Granbury Independent School District is selling its controversial airplane after an assistant superintendent was caught using the plane for personal travel with family, but the joyriding administrator has yet to face disciplinary action.
At their January school board meeting, Granbury ISD trustees voted 7-0 to sell the plane, purchased in 2021 as part of the North Texas school district’s aviation program for students.
The program itself, offered through the district’s Career and Technical Education department, enjoys significant support within the community.
Multiple Texas school districts offer aviation programs but don’t own their own planes.
A committee tasked with reviewing the aviation program told trustees the cost of operating the plane was “much higher than anticipated” and concluded the district should outsource the flight training portion of the program.
Yet the district took no action against Assistant Superintendent Jimmy Dawson, one of two district employees authorized to fly the plane.
“Selling the plane was good,” Rene Poe, a longtime leader in Granbury’s conservative community, told Texas Scorecard. “No discipline for the assistant superintendent who took it joyriding and for family get-togethers does not send a good message to our students.”
Last November, a WFAA reporter revealed that Dawson flew the plane to Abilene in June to visit his daughter. His wife, who is also an administrator in the district, traveled with him.
Dawson is not a flight instructor but was supposed to use the plane to provide promotional “discovery” flights for students interested in the aviation program.
Following the media revelations, Granbury ISD Superintendent Jeremy Glenn hired education attorney Miles Bradshaw to investigate whether Dawson’s flights were within the scope of the program.
Only three were discovery flights.
Six were solo “pilot training” flights, which Dawson claimed (and Bradshaw agreed) were allowable under the program for Dawson to maintain his skills for the discovery flights.
Dawson’s eight other flights, also categorized as pilot training, included a passenger; on six of those flights, the passenger was a family member—either his wife or his son.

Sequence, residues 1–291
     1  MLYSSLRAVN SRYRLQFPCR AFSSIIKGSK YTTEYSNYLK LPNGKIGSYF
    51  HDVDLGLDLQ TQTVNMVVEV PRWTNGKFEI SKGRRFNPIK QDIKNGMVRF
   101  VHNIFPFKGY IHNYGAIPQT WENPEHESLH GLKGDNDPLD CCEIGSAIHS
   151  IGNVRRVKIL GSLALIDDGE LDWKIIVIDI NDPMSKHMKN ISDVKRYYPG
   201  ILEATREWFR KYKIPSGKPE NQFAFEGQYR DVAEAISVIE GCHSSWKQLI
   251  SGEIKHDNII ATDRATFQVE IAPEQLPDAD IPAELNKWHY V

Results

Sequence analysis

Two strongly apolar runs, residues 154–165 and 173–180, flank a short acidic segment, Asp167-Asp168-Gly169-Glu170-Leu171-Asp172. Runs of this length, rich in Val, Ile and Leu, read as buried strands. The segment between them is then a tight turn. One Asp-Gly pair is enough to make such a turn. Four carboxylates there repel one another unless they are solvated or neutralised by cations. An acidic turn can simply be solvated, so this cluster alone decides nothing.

Bradshaw called those six flights a “gray area.”
There’s no question based on my investigation that Mr. Dawson was taking a training flight for himself. … The part that becomes questionable is who was tagging along with him. The way the program was initially set up, it could have been just about anybody. It was pretty loose.
He told the board it was “just too gray to say” if the flights with family violated the district’s financial ethics policies, adding there was a “dual benefit” for the district and Dawson.
Bradshaw said “misappropriation of district funds” requires someone to “intentionally and knowingly” take something for their own use. “There’s no policy that says doing what he did is a violation.”
Bradshaw also considered whether Dawson’s actions constituted misuse of property, an offense included in the crime of abuse of official capacity. “You can’t say it was absolutely intentionally and knowingly misused,” he argued.
Finally, Bradshaw acknowledged Dawson’s flights with family might run afoul of the Texas Educators’ Code of Ethics, which prohibits using school property or professional privileges for personal gain, but said he doesn’t “have any say whether someone violated this or not.”
“The bottom line is that in my opinion, technically, the conduct did not violate a law, policy, procedure, directive, or ethical canon,” Bradshaw wrote in his report.
He still recommended discipline for Dawson: “The Superintendent should consider, with appropriate Board input, but ultimately within his discretion as supervisor of the Assistant Superintendent, an appropriate level of employee disciplinary action/response.”
In my opinion … the maximum disciplinary action/response should be written reprimand, and directed training on the new protocols, and possibly ethical trainings on use of school property. The minimum response would be written warning and directed training.
The board unanimously approved the airplane purchase in April 2021.
Bradshaw’s report, which recounts the history of the aviation program, says the district paid a “reasonable price” of $42,000 for the 1962 Cessna 172D, then spent another $53,000 upgrading the plane in August 2021.
The district also pays for hangar space, insurance, and certified flight instructors to train students. Bradshaw said aviation teacher Mark Kirk, the other district employee authorized to fly the plane, is “close” to getting his flight instructor’s rating, at which time he’ll receive a $10,000 stipend from the district.
According to the aviation subcommittee, outsourcing flight instruction will not impact any Granbury ISD aviation classes or prevent students from working toward private pilot’s licenses at reduced costs, a primary goal of the program.
Only six of the 115 students in the aviation program currently fly.
Proceeds of the airplane sale will go to the district’s CTE program.